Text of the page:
Once more Anna Fedorovna, with some show of temper going beyond the others, bid as high as seven, and lost three points; and when, at her brother's instigation, she tried to make some calculation, she found herself utterly confused and off the track.
"It's nothing, mamasha; you'll win it back again," said Liza, with a smile, anxious to rescue her mother from her ridiculous position. "Some time you'll put a fine on uncle: then he will be caught."
"But you might help me, Lízotchka," cried Anna Fedorovna, looking with an expression of dismay at her daughter; "I don't know how this"....
"But I don't know how to play this either," rejoined Liza, carefully calculating her mother's losses. "But if you go on at this rate, mamasha, you will lose a good deal, and Pímotchka will not have her new dress," she added in jest.
"Yes, in this way it is quite possible to lose ten silver rubles," said the cornet, looking at Liza, and anxious to draw her into conversation.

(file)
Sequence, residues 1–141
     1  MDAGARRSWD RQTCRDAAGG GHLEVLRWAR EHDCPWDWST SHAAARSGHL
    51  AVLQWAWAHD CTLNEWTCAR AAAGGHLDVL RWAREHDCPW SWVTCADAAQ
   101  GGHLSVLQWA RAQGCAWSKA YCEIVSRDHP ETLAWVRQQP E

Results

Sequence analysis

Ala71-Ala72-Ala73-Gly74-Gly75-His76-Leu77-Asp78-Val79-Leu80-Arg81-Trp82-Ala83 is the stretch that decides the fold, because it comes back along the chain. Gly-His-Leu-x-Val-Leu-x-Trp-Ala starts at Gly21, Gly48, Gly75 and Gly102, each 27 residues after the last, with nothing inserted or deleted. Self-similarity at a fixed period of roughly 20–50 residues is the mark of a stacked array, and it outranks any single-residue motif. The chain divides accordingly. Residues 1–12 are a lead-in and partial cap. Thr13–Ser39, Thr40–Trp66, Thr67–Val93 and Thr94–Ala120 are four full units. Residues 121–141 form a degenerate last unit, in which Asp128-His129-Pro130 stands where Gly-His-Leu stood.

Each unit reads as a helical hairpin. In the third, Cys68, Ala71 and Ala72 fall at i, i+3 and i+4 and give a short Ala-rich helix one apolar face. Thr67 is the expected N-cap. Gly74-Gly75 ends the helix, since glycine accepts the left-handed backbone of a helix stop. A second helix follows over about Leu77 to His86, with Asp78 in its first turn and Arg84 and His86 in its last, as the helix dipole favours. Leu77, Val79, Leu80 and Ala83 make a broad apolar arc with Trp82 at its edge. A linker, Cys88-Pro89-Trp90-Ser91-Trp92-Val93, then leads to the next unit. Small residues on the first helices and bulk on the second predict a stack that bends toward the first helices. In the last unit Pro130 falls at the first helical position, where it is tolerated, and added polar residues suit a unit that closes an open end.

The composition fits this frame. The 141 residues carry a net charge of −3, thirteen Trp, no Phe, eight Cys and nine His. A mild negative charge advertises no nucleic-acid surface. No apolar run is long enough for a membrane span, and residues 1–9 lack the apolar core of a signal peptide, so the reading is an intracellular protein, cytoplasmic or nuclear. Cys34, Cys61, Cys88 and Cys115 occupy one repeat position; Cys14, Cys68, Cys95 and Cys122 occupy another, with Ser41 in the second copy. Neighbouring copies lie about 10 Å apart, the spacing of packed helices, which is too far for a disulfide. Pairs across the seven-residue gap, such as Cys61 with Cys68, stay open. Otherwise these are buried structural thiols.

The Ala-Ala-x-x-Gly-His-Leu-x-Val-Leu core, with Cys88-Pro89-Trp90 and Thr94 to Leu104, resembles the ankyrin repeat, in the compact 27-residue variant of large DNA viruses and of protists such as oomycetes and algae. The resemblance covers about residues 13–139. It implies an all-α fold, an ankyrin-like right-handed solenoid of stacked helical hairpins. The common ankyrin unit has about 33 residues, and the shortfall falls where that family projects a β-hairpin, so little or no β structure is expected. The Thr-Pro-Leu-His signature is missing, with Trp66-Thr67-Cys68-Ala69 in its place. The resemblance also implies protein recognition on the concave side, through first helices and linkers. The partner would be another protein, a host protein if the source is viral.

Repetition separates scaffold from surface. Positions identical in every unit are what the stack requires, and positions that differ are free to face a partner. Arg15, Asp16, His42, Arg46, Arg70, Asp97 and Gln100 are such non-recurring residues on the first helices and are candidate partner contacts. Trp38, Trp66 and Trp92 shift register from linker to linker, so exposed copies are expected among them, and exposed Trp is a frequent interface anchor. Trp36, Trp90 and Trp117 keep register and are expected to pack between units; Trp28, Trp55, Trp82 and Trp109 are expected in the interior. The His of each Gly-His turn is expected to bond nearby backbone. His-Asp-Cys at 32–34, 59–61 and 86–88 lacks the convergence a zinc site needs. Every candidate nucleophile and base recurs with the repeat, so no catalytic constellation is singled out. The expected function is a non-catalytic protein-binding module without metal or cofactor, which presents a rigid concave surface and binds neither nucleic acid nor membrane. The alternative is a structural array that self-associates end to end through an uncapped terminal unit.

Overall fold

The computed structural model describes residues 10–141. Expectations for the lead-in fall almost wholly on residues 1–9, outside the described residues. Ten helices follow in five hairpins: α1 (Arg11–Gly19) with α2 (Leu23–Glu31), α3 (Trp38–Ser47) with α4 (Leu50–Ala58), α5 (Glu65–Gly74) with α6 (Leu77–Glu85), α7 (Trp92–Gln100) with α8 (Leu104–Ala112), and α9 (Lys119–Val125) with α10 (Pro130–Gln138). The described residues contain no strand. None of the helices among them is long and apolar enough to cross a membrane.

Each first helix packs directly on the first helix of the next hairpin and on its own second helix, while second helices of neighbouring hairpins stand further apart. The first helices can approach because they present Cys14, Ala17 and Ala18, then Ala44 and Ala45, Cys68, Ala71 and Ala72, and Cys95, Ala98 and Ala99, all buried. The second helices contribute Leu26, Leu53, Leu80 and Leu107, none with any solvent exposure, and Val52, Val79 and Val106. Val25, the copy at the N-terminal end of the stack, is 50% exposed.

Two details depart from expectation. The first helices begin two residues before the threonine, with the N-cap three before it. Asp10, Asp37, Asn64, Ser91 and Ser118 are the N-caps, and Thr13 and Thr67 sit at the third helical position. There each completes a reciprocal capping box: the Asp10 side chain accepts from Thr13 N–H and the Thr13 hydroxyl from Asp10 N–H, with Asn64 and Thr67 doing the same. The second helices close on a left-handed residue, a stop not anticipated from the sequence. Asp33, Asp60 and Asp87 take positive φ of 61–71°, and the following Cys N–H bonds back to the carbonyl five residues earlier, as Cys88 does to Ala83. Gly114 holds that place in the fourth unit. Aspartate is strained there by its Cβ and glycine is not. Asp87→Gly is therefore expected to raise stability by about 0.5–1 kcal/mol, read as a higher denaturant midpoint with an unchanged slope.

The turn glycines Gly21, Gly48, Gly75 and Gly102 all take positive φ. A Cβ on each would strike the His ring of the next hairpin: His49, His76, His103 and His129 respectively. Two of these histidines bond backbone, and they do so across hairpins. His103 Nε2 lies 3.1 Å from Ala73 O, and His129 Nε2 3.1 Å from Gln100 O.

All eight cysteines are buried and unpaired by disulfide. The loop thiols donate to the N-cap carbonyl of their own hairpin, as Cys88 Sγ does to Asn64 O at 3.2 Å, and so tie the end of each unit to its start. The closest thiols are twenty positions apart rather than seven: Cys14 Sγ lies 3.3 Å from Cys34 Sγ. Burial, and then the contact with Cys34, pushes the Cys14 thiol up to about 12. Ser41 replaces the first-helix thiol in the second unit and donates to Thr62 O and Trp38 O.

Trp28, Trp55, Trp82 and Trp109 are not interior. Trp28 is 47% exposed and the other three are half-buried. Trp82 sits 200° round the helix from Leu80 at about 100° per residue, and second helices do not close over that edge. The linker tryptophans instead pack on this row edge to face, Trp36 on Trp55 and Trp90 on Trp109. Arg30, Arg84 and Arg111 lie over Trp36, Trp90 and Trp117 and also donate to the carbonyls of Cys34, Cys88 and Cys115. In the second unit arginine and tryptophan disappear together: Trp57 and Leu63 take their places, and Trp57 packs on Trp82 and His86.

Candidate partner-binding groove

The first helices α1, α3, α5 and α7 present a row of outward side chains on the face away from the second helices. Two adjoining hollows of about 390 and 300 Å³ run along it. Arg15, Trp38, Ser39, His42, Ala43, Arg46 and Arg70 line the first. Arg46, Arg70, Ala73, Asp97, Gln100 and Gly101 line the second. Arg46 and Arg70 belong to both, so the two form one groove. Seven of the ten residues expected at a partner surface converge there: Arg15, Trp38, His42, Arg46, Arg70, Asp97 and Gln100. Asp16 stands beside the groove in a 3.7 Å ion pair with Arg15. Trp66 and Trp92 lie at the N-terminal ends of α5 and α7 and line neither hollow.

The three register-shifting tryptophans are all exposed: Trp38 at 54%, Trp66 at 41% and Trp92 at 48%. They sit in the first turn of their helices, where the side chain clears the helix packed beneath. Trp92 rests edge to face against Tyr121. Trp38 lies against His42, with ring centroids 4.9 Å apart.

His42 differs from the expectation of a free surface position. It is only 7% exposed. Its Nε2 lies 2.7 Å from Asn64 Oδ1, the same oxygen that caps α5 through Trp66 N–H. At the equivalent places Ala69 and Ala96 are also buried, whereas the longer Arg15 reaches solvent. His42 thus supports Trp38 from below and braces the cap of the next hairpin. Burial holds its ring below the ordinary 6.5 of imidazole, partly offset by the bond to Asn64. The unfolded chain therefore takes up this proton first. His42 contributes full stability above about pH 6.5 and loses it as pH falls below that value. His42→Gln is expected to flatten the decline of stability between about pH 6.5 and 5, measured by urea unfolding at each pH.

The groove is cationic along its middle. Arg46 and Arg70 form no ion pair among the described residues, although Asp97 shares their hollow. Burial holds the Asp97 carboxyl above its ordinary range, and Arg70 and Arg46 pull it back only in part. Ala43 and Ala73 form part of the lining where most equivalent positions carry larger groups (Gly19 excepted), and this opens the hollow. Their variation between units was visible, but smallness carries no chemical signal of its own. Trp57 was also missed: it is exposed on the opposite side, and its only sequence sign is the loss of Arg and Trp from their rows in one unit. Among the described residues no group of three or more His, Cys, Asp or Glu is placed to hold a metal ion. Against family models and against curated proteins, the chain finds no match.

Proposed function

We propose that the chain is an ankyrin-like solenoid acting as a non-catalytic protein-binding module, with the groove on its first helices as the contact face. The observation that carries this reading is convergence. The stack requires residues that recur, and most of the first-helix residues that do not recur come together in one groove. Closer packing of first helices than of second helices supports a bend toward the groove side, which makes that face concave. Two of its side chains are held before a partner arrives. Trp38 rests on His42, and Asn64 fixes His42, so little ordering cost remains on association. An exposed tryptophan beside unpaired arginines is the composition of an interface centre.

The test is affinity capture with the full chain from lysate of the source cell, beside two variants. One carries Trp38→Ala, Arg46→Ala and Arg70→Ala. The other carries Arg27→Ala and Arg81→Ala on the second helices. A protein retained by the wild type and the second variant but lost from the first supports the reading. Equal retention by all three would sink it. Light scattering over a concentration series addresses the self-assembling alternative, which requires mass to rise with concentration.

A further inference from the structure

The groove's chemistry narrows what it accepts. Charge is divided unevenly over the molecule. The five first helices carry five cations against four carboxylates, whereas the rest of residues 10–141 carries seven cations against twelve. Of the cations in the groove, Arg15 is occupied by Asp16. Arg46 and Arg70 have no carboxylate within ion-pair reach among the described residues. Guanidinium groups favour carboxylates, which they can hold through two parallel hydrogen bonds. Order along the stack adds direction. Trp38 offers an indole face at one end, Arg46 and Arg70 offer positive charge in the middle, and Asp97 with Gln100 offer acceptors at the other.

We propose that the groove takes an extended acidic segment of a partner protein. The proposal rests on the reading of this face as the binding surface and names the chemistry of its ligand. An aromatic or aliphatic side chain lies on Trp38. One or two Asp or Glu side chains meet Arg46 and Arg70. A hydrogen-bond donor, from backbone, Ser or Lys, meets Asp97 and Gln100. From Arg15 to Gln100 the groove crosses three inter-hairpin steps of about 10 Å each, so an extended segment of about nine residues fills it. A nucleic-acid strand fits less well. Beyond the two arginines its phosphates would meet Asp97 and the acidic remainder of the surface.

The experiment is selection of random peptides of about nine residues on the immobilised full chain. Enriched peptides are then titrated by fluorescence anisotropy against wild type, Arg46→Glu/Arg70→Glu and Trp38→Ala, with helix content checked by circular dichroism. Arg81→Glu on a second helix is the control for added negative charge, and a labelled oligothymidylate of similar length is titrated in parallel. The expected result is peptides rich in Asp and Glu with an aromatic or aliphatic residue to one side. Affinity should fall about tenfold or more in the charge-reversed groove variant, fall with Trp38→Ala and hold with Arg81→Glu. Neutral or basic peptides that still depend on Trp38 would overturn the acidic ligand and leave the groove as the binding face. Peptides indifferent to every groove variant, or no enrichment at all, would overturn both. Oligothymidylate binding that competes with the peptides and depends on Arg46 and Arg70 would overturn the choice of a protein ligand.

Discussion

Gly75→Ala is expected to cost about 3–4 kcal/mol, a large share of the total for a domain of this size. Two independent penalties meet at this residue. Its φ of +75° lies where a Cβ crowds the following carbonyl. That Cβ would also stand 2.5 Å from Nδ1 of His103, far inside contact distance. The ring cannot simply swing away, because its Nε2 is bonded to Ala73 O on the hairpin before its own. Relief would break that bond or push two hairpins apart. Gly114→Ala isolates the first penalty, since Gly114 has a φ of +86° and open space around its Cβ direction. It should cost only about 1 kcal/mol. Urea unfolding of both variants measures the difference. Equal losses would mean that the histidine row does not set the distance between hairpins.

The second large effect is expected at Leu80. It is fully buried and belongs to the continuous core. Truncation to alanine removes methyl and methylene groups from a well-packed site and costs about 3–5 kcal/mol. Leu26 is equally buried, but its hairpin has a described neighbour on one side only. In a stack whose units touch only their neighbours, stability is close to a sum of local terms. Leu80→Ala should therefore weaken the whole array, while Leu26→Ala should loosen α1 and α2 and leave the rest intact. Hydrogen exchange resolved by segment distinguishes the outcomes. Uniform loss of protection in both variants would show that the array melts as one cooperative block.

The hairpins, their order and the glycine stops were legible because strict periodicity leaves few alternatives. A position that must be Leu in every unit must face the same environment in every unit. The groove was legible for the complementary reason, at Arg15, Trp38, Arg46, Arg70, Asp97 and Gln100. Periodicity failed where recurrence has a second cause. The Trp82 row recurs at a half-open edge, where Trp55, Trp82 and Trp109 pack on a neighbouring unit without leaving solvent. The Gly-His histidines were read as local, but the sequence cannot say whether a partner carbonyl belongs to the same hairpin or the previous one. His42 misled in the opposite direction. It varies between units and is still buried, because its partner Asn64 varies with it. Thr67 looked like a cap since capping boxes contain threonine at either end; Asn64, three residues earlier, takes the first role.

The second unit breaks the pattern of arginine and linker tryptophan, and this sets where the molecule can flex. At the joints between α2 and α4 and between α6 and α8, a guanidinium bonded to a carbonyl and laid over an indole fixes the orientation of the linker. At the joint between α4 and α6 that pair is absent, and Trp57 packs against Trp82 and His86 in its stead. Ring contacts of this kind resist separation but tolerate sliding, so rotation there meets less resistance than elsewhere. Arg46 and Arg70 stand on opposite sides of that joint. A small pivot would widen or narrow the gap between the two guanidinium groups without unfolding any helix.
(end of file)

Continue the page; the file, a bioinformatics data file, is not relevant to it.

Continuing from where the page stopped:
"Aren't we playing for paper money?" asked Anna Fedorovna, gazing round at the rest.
"I don't know, I am sure," replied the count. "But I don't know how to reckon in bank-notes. What are they? what do you mean by bank-notes?"
"Why, no one nowadays reckons in bank-notes," explained the cavalryman, who was playing like a hero and was on the winning side.
The old lady ordered some sparkling wine, drank two glasses herself, grew quite flushed, and seemed to abandon all hope. One braid of her gray hair escaped from under her cap, and she did not even put it up. It was evident that she thought herself losing millions, and that she was entirely ruined. The cornet kept nudging the count's leg more and more emphatically. The count was noting down the old lady's losses.